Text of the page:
Natural gas is brought into your home through the use of differential pressure. The main transmission line ties into your service provider which ties into your house. The transmission lines run at high pressure. When the pressure is cut through pressure regulators, it's then safe enough to be brought into your appliances.
To try and keep your eyes from glazing over, I will try and make the rest of this as simple as possible.
Field gas compressor stations (gathering systems that pull directly from wells) can run on either gas or electric. This is due to environmental permitting (combustion engines), power price/ availability, and the intended design of the plant (more or less complicated). The facilities that run on gas can survive for an indefinite amount of time in a natural disaster if the plant and pipe are not structurally compromised.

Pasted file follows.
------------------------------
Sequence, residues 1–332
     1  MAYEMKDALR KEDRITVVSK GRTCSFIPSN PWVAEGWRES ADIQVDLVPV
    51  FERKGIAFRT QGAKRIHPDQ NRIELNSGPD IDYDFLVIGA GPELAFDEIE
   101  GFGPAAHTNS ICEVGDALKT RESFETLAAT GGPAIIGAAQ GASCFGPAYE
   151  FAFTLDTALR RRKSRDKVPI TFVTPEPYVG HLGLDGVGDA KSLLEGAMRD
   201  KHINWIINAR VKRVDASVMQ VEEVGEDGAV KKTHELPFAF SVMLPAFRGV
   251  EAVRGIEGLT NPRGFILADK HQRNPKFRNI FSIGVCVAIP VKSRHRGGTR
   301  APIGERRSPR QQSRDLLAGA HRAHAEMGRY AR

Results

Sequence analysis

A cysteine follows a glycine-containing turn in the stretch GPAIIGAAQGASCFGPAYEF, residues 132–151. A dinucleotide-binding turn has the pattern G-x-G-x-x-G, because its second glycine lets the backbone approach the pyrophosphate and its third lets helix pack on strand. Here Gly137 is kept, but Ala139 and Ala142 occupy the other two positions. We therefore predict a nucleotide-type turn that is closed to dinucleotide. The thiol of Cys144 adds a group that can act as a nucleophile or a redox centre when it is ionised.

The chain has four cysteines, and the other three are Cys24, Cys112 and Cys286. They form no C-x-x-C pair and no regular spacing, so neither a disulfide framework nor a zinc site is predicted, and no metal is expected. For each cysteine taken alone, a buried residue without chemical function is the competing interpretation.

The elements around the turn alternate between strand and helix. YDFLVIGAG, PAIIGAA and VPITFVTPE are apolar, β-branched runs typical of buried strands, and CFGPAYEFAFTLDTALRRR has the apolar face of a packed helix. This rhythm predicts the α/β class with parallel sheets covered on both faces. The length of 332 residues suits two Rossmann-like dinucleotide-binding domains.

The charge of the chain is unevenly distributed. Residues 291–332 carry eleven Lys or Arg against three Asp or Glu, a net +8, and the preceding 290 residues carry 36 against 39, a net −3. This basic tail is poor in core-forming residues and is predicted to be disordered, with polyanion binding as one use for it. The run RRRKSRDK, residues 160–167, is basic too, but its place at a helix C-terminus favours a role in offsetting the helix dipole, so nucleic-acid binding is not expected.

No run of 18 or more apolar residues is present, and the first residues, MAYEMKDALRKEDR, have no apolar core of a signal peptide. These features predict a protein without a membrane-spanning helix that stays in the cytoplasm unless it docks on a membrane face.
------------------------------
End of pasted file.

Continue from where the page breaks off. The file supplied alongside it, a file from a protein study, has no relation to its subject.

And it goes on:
The larger refineries can only function without electricity temporarily running on backup generators. The emergency generators in the refineries I have been in only run heat trace, air compressors, the DCS /SIS (control system) UPS, and the lights. In an extended natural disaster like the one you just experienced, the emergency action plan would most likely be activated in order to bring the plant to a safe, stable state. For instance, the facility where I just transferred from uses way too much electricity to generate locally.
The nation as a whole has several underground storage locations that contain gas for just such an emergency as the one you are experiencing. The national grid is designed for withdrawal as needed to support extra demand or to float in case of a major outage of NG refineries. You can see the weekly storage report at this site: »ir.eia.gov/ngs/ngs.html
Without looking at a map of your local utilities, it's hard to judge how well your neighborhood will fare if a line breaks. Your utility should be able to answer that question for you. Pipeline maps should also be public record.
Hope that helps.